There are three ways one can view the 2008 Championship campaign. The first is to remember that the County won promotion by a whisker from Division Two at the close of 2007 and 2008’s principal objective was to get established in Division One and avoid any danger of dropping back to the lower reaches. Despite the insatiable demand that the England selectors put on the value of Nottinghamshire players – no less than five, of whom Sidebottom and Broad were very occasional visitors to Trent Bridge – Newell and his colleagues achieved their objective splendidly.

The second view looks at the weather. By the closing stages of thecompetition Nottinghamshire were regarded as possible Champions. The two most realistic rivals were Somerset and Durham. One of the most crucial games toward the end was the fixture versus Durham at Chester-le-Street on August 12 to 15. It was totally washed out – the first time in Notts history that a four day game has been arranged and not a single ball bowled. Each side collected four points. 

Three weeks later the Somerset game at Trent Bridge had two days washed away. Only one innings was completed; Notts gained seven points, Somerset six. Quite astonishingly the two earlier fixtures against these two same counties had ended in draws due to the weather. AgainstSomerset  Notts required just 87 runs for victory with six wickets in hand when play ended – some 100 overs of playing time had been lost. Against Durham at Trent Bridge, the previous week the game was more evenly balanced, but it was a weather affected draw. So we can cheerfully blame the climate for Notts failure to win the Trophy.

The result of the 16th and final Championship match of the summer, as many will grudgingly concede is a third and more poignant reason for Nottinghamshire’s disappointment. The title, in the last resort, depended on the outcome of three matches, all staged in the final week ofSeptember : Notts v Hants, Somerset v Lancs and Kent v Durham. If Nottinghamshire won their game no other county could overtake them, even with maximum points. At the close of the third day’s play in each of the three games, Notts had 182 points, Durham 176 and Somerset 174. At Taunton, Lancashire only needed 60 runs to beat Somerset with all wickets standing, so Somerset were effectively out of the race. At Canterbury, Kent needed 116 with five wickets left simply to avoid an innings defeat, Durham having made 500 in their first essay.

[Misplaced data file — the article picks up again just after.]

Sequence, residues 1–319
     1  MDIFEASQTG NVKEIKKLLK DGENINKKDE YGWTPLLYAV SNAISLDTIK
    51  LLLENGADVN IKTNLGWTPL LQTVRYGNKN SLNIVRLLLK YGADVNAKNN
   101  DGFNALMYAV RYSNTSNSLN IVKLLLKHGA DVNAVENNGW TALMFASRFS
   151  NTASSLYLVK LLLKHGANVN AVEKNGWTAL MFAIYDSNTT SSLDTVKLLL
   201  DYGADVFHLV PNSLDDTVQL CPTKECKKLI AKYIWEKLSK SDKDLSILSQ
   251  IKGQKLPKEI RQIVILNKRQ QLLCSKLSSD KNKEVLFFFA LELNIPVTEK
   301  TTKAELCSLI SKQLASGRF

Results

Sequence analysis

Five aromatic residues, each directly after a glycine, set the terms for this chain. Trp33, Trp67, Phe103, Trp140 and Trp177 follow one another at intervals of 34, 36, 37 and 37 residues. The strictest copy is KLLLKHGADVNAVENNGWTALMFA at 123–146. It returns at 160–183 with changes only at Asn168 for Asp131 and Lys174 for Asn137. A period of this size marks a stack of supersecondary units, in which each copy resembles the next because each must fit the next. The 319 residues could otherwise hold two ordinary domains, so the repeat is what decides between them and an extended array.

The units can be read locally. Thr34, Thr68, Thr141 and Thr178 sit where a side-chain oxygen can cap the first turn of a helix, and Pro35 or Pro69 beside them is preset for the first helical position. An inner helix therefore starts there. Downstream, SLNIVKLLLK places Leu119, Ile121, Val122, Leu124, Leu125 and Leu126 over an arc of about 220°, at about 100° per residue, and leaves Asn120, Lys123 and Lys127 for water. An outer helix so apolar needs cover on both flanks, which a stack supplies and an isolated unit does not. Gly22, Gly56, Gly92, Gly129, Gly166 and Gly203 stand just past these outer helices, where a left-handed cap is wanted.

At TrentBridge Notts had obtained a first innings lead of eight, but Hampshire had reached 376 for five in their second innings. The only chance of victory that Notts had was a declaration by Hampshire.

On the fourth morning, Durham took only 75 minutes to polish off Kent. At Taunton, fog delayed the start, but Somerset lost by eight wickets. Hampshire did declare at Trent Bridge setting Notts 442 off 76 overs. The home batsmen save for Patel failed to rise to this very difficult target.

Returning to the season’s opening, Notts were the only county to secure a win in the initial round of matches and thus became the early front-runners. Pattinson took eight wickets on an impressive debut and Ealham made a century against his old county. Only rain prevented Notts defeating Yorkshire in the second fixture, but Kent gained swift revenge in the return fixture.